Waste Management – SWM Rules, EWM Rules, etc

Explained: Where does India stand on plastic waste?

Note4Students

From UPSC perspective, the following things are important :

Prelims level : Single Use Plastics

Mains level : Plastic waste issue

Background

  • On this Independence Day address, PM called for a movement to eliminate single-use plastic in India, beginning on Gandhi Jayanti (October 2).
  • The move is part of an ambitious drive against Single-Use Plastic (SUP), under the theme “Shramdaan”, for which a detailed plan has been worked out for ministries and departments.
  • The government is reported to be working on a ban on certain plastic items of common use such as carry bags, cutlery and plates under the Environment (Protection) Act, and this may be announced on October 2, well ahead of the earlier deadline of 2022.

Single-use plastic

  • As the name suggests, single-use plastics (SUPs) are those that are discarded after one-time use.
  • Besides the ubiquitous plastic bags, SUPs include water and flavoured/aerated drinks bottles, takeaway food containers, disposable cutlery, straws, and stirrers, processed food packets and wrappers, cotton bud sticks, etc.
  • Of these, foamed products such as cutlery, plates, and cups are considered the most lethal to the environment.

Plastic waste in India

  • Per capita consumption of plastic is projected to go up from 11 kg in 2014-15 to 20 kg by 2022 (FICCI data); about 43% is single-use packaging with poor rates of recovery.
  • In spite of the notification of the Plastic Waste Management (PWM) Rules, 2016, and amendments made two years later, most cities and towns are not prepared to implement its provisions.
  • Even the biggest Municipal Corporations shouldering a staggering waste burden have failed to implement segregation of waste: collecting recyclable plastic, non-recyclable plastic etc.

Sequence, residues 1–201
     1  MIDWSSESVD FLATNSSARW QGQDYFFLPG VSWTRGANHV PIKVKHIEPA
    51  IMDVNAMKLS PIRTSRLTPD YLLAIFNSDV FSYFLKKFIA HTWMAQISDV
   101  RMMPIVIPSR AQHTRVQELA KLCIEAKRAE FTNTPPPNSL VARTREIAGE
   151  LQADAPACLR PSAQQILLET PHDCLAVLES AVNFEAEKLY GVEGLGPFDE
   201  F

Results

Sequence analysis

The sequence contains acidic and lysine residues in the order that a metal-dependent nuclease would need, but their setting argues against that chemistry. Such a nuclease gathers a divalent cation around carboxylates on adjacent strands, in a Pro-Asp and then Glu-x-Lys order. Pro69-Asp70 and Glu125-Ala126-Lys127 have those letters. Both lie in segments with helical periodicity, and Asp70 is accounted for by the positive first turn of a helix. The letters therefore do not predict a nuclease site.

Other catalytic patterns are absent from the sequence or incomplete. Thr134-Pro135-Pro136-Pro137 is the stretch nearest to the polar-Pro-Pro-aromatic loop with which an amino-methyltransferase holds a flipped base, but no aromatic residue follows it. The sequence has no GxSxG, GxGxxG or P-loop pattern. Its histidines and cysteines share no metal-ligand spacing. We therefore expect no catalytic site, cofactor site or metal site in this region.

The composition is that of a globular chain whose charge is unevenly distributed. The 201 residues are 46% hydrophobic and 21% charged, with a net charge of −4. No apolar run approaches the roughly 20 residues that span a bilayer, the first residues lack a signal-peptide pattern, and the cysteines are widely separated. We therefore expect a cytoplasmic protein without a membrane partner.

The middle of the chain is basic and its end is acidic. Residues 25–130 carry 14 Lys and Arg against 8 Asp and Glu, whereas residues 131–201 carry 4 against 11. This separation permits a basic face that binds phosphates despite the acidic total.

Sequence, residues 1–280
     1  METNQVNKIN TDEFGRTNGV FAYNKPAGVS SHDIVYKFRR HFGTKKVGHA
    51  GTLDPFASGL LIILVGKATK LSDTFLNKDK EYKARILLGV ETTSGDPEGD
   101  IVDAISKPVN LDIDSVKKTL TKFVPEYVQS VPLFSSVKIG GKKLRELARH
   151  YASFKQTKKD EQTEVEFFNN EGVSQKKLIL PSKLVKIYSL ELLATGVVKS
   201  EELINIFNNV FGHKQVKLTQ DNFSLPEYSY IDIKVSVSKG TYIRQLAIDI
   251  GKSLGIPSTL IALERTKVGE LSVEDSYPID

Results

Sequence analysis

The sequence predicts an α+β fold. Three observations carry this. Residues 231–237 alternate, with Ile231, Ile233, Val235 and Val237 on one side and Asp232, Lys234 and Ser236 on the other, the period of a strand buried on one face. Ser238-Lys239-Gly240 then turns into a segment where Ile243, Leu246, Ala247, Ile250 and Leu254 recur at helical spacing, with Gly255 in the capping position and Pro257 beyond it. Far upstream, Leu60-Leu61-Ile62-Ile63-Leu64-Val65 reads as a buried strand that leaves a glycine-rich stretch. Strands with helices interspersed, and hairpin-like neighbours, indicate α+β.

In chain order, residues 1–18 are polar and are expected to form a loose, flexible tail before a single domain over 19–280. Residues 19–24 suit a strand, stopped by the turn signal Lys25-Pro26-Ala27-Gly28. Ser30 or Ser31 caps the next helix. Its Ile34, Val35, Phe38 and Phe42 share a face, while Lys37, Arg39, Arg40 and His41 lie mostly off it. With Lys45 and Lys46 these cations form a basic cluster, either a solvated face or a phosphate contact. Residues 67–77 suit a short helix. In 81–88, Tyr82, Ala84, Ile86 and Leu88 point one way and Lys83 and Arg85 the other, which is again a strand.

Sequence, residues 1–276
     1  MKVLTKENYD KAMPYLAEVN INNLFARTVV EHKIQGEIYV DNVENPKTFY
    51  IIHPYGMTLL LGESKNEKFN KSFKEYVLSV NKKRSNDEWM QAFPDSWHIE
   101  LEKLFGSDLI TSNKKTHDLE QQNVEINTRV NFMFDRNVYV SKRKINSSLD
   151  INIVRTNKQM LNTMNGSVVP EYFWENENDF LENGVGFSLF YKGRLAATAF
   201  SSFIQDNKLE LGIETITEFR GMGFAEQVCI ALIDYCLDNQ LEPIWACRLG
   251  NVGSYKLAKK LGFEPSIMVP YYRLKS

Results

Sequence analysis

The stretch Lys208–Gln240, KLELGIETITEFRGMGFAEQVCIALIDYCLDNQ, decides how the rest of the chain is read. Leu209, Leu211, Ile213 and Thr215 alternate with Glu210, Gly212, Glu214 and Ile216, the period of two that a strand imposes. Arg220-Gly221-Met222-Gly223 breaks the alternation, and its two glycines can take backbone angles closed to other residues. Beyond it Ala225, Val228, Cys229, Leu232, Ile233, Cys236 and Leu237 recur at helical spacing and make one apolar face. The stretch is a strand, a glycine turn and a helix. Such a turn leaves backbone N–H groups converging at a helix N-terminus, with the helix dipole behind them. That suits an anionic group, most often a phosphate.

• This is a growing crisis amid criticism of under-reporting of the true extent of plastic waste.

Plastic waste management

  • The Plastic Waste Management Rules, 2016 notified by the Centre called for a ban on “non-recyclable and multi-layered” packaging by March 2018, and a ban on carry bags of thickness less than 50 microns.
  • The Rules were amended in 2018, with changes that activists say favoured the plastic industry and allowed manufacturers an escape route. The 2016 Rules did not mention SUPs.
  • On World Environment Day in 2018, India pledged to phase out SUPs by 2022.
  • The PM has called for “a new revolution against plastic”, and some government-controlled bodies such as Air India and the Indian Railways have announced they would stop SUPs.

A failed attempt earlier

  • Recycling reduces the volume of non-recyclables that must be disposed of using methods such as co-processing in cement kilns, plasma pyrolysis or land-filling.
  • Neither is plastic marked with numerical symbols (such as 1 for PET, 4 for Low Density Polyethylene, 5 for Polypropylene and so on) to facilitate recycling using the correct industrial process.

Alternatives to Plastic

  • Although compostable, biodegradable or even edible plastics made from various materials such as sugarcane bagasse, corn starch, and grain flour are promoted as alternatives, these currently have limitations of scale and cost.
  • Some biodegradable packaging materials require specific microorganisms to be broken down, while compostable cups and plates made of polylactic acid, a popular resource derived from biomass such as corn starch, require industrial composters.
  • On the other hand, articles made through a different process involving potato and corn starch have done better in normal conditions, going by the experience in Britain.
  • Seaweed is also emerging as a choice to make edible containers.
  • In India, though, in the absence of robust testing and certification to verify claims made by producers, spurious biodegradable and compostable plastics are entering the marketplace.
  • In January this year, the CPCB said that 12 companies were marketing carry bags and products marked ‘compostable’ without any certification, and asked the respective SPCB to take action on these units.

A Janandolan ahead

  • A ban on single-use plastic items would have to therefore lay down a comprehensive mechanism to certify the materials marketed as alternatives, and the specific process required to biodegrade or compost them.
  • A movement against plastic waste would have to prioritise the reduction of single-use plastic such as multi-layer packaging, bread bags, food wrap, and protective packaging.
  • Consumers often have no choice in the matter.
  • Other parts of the campaign must focus on tested biodegradable and compostable alternatives for plates, cutlery and cups, rigorous segregation of waste and scaled up recycling.

Impact on packaging industry

  • Packaging is projected to grow into a $72.6 billion industry in India by 2020 from about $31 billion in 2015, with a proportionate rise in waste volumes.
  • The pressure on producers to streamline the collection, recycling and processing of all forms of plastic is bound to grow.
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